Posted Saturday, February 7, 2004
Navigating the pay-per-click search engines can be truly exciting from a business owner's standpoint. No other form of advertising rivals the interactivity of being able to turn your web site's advertisement on and off like a light switch.
Bam! You're number one in Yahoo - what could be easier.
What new advertisers don't know, and it's not listed in the fine print, is that there is an inherent downside to PPC engines. A downside, that only gets bigger as time goes on.
Let's say you set your account up in Overture and you place $500 to buy keywords for the next month. You are happy with your purchase and you can't wait till the next day when the phone will start ringing and the e-mails will come flooding in.
You go to your computer the next day, log on to the advertiser interface and notice that you have gone through all of your monthly budget overnight and have not received one e-mail or phone call.
You have most likely just been a victim of click fraud.
Click Fraud is when a business receives invalid clicks on paid listings by a competitor or individual who has no intention of using your services. A click is invalid when an individual does it for the sole purpose of costing you money or financial harm. Click Fraud may occur from competing advertisers or simply individuals just wanting to harm or frustrate others.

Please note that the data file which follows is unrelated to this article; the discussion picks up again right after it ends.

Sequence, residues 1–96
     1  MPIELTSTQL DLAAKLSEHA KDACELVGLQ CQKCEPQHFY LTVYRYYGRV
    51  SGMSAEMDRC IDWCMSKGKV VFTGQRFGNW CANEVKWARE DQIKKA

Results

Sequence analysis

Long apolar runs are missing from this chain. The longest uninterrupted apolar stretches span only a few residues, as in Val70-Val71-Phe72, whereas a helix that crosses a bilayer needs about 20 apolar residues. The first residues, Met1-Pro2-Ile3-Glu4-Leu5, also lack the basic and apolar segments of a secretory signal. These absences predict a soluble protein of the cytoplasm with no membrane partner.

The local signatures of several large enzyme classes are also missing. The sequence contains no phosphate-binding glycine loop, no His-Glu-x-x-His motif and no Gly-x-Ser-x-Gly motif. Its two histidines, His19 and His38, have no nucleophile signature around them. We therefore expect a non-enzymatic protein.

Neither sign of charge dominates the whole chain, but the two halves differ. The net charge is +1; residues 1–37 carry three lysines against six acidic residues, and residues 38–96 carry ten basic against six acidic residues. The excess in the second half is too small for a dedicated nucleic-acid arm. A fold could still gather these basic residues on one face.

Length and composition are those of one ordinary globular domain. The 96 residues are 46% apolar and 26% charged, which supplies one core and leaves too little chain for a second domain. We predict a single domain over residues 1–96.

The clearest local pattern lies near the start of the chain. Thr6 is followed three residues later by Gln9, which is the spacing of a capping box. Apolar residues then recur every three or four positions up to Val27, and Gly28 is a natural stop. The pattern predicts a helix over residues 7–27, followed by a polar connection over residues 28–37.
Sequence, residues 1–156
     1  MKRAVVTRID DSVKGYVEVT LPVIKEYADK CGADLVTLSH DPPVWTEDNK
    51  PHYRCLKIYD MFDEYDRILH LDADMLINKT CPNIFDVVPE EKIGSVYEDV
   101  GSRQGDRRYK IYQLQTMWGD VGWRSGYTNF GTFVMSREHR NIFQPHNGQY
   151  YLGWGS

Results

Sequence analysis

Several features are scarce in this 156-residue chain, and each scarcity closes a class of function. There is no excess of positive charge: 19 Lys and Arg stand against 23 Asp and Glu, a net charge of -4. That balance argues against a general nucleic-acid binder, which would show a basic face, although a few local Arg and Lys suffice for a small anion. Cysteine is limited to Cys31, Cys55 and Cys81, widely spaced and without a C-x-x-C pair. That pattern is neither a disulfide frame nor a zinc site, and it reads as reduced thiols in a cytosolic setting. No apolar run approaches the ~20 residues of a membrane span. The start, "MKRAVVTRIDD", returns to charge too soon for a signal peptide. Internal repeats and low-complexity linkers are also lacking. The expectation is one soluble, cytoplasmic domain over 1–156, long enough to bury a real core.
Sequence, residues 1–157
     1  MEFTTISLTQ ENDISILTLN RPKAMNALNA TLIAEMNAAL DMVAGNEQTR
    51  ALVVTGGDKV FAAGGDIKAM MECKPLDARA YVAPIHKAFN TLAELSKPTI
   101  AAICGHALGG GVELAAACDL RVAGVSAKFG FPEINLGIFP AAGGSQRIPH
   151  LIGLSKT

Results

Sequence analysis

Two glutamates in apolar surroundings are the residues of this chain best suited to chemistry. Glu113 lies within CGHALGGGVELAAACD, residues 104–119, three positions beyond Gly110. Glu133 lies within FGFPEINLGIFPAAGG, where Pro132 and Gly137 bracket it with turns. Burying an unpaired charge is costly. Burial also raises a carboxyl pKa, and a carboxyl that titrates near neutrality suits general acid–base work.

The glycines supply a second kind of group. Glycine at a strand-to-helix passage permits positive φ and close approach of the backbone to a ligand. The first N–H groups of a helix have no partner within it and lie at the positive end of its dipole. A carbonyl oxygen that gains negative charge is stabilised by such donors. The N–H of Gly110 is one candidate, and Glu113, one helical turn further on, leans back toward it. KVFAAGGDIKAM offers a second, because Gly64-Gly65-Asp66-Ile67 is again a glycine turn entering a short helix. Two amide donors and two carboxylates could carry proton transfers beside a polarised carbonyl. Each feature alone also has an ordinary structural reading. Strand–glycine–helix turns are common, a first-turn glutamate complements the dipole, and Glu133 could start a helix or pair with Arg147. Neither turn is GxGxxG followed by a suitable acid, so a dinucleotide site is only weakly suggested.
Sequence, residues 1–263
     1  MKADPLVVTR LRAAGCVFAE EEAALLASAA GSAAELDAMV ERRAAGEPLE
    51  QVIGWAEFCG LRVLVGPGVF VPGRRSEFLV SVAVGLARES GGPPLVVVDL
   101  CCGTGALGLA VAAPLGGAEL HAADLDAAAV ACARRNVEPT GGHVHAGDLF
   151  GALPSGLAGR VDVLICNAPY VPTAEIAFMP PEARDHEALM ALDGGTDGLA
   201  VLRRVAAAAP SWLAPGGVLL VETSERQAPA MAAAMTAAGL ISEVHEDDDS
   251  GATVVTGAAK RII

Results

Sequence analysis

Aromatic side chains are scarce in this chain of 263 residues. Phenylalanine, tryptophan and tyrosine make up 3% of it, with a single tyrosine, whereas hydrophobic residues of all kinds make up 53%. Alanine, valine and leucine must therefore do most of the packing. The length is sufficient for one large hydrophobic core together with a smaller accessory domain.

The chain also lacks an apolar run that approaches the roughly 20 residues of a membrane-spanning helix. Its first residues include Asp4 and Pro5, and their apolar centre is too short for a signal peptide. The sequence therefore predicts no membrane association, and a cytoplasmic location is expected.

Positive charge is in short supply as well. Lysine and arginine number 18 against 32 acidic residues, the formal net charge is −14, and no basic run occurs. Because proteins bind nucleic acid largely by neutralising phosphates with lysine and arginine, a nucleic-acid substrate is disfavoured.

What typically happens in all pay per click engines is that where people are making money, there is some form of monetary predation. So in a nutshell most advertisers experience some form of click fraud, even if on very low levels.
This advertising flaw stems from the competitive nature of the bidding system. For an advertiser to take advantage of the maximum benefits from Overture's pay per click system, a company must bid in the top three positions of Overture. When a company can maintain one of the top three positions, their ad is displayed throughout the Overture network, which consists of Yahoo, Alta Vista, MSN and Lycos among others.
When a web user goes to Overture directly or any of the Overture partner sites, the user cannot simply hit a site repeatedly on the same keyword and accumulate chargeable clicks. Overture's system monitors the usage through an elaborate proprietary filter that looks at the click to determine its validity.
Mischievous individuals will often execute click fraud through Overture's partner sites so that it is harder to detect the fraudulent activity.